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Color Your Easter Eggs with Beets & Berries
Martha Stewart, ever the model of elegant efficiency, is ahead of the rest of us when it comes to Easter eggs; all she has to do is head out to her Palais de Poulet and collect the perfectly pastel blue-green eggs her fancy Araucana chickens lay.
For those of us who don’t own exotic hens, there’s always the classic PAAS egg dying kit, on which Americans have relied to color our Easter eggs for more than a century. A New Jersey drugstore owner named William Townley first marketed the dye tablets in five sunny shades back in 1880; he derived the name “PAAS” from “Passen,” the name his Pennsylvania Dutch neighbors had for Easter.
But the history of egg-dying pre-dates William Townley’s tablets by a few thousand years or so, according to the PAAS website, which claims that Persians exchanged red-dyed eggs to celebrate the arrival of spring as far back as 3000 B.C. The first Christians to celebrate Easter with colored eggs were the Macedonians, back in the thirteenth century. From there, the tradition spread to Europe.
So how did these pre-PAAS peoples color their eggs? The same way they colored their textiles; with plant materials, i.e. fruits, vegetables and spices. You can create a wide range of soft, subtle colors using ingredients you probably already have in your pantry or fridge.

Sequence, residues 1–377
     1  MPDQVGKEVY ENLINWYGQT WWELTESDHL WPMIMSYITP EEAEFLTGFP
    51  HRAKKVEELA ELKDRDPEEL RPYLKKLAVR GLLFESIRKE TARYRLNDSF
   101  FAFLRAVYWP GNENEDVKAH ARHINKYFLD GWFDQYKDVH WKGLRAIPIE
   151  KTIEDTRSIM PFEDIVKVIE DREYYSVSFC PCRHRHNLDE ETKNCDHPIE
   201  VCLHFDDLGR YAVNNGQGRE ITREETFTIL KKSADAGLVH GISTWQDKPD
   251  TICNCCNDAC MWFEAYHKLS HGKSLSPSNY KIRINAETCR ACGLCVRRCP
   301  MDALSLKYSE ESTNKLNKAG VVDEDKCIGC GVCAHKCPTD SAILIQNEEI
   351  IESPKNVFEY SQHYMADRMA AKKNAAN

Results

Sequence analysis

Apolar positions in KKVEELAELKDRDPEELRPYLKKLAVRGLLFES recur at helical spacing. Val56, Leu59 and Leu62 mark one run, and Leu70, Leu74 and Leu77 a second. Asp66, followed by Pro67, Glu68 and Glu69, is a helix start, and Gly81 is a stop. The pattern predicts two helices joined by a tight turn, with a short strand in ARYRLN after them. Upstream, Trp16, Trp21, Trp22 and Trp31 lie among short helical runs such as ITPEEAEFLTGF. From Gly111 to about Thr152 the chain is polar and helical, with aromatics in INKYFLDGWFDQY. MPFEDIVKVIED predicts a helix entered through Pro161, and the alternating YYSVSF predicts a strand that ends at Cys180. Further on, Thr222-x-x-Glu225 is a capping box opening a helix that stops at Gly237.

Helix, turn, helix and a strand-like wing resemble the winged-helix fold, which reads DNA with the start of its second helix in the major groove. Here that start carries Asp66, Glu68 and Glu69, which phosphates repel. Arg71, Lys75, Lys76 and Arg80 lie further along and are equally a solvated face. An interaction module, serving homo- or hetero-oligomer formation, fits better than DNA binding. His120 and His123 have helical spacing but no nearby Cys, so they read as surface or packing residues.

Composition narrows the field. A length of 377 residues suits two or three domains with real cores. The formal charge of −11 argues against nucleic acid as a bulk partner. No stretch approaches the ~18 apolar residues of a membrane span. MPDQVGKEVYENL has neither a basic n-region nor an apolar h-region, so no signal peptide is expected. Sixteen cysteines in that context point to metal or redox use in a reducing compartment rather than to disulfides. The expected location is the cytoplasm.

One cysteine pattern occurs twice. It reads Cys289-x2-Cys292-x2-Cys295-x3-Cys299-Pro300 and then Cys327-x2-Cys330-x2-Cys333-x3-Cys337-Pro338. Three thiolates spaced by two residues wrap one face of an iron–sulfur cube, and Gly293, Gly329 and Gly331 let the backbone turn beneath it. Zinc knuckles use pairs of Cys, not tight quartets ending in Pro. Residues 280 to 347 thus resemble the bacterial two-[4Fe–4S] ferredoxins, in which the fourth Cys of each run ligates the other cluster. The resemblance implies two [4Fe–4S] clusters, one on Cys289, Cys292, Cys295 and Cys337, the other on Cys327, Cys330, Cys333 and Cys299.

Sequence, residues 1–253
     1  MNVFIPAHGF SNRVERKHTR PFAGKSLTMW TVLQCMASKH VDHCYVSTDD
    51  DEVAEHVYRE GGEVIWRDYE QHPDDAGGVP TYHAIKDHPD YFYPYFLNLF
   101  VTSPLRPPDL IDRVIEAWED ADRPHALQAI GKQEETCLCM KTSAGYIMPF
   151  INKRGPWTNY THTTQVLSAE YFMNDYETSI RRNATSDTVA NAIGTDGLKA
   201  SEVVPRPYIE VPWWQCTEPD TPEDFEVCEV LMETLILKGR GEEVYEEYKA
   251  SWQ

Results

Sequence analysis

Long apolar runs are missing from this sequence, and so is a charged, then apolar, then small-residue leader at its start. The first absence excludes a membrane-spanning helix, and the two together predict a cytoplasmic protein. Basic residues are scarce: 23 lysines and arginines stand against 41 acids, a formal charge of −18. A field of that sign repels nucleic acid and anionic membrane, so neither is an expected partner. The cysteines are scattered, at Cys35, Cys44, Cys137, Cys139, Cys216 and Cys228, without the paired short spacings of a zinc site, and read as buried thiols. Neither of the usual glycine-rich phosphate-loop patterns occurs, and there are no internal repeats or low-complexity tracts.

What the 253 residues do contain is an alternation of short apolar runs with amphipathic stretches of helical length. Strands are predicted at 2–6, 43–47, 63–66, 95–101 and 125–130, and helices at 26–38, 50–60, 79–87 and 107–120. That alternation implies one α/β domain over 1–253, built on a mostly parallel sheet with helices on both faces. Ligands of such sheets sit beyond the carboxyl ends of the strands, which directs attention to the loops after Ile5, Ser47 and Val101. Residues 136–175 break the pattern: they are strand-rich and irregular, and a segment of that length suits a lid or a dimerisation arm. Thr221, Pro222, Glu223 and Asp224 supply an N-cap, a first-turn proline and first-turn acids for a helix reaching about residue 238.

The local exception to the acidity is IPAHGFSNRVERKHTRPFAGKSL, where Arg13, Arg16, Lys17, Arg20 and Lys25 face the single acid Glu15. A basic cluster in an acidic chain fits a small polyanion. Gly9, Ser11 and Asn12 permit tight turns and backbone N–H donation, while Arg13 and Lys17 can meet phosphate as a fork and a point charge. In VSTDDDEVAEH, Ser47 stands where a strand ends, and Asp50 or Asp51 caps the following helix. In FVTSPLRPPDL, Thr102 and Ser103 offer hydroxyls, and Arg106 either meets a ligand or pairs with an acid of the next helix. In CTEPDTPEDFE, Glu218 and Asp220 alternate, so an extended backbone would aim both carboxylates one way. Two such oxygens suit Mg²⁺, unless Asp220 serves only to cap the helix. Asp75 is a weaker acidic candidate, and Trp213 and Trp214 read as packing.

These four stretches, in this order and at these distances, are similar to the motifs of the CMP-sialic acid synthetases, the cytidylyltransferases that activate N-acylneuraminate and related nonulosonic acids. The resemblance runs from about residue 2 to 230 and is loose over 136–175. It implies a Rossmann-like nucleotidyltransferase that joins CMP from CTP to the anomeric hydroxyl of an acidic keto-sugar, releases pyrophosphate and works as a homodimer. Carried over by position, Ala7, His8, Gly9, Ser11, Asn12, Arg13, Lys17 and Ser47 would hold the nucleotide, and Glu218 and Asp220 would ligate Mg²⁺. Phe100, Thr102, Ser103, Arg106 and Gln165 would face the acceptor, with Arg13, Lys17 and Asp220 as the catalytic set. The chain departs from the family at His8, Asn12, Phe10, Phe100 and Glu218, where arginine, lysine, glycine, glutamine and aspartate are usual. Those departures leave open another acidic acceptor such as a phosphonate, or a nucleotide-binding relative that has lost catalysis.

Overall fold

Here are just a few of the colors you can make with various foods:
Pale green: spinach leaves
Yellow: turmeric, yellow onion skins
The colors will vary depending on how much of each ingredient you use, how long you steep it, and whether you use brown eggs or white.
To dye the eggs, place them in a pan and add your dye ingredient of choice, a quart of water, and 2 tablespoons white vinegar (the vinegar is what “fixes” the color).
If you’re using berries, beets, cabbage, or spinach, you’ll need anywhere from 2 to 4 cups depending on how many eggs you’re dying and how deep you want the color to be. To dye eggs yellow, you can either use a tablespoon or two of turmeric, or a ton of onion skins (4 to 6 cups).
Bring the water to a boil, reduce heat and simmer for 15 minutes to several hours, till you achieve the shade you want. You can also steep the eggs in the dye bath overnight in the fridge, to deepen the color.
Your naturally dyed Easter eggs will be prettier than anything you can make with primary-colored tablets and store-bought food-colorings. But how will those tastefully hued eggs taste? Can you use them to make egg salad after the Easter egg hunt is over?
Well, that depends on two things. If you have to boil the eggs for hours on end to get the color you want, their texture will be a bit tough. And if you plan to display the eggs, say, or hide them under the azaleas, you won’t want to eat them once they’ve sat around unrefrigerated for more than two hours.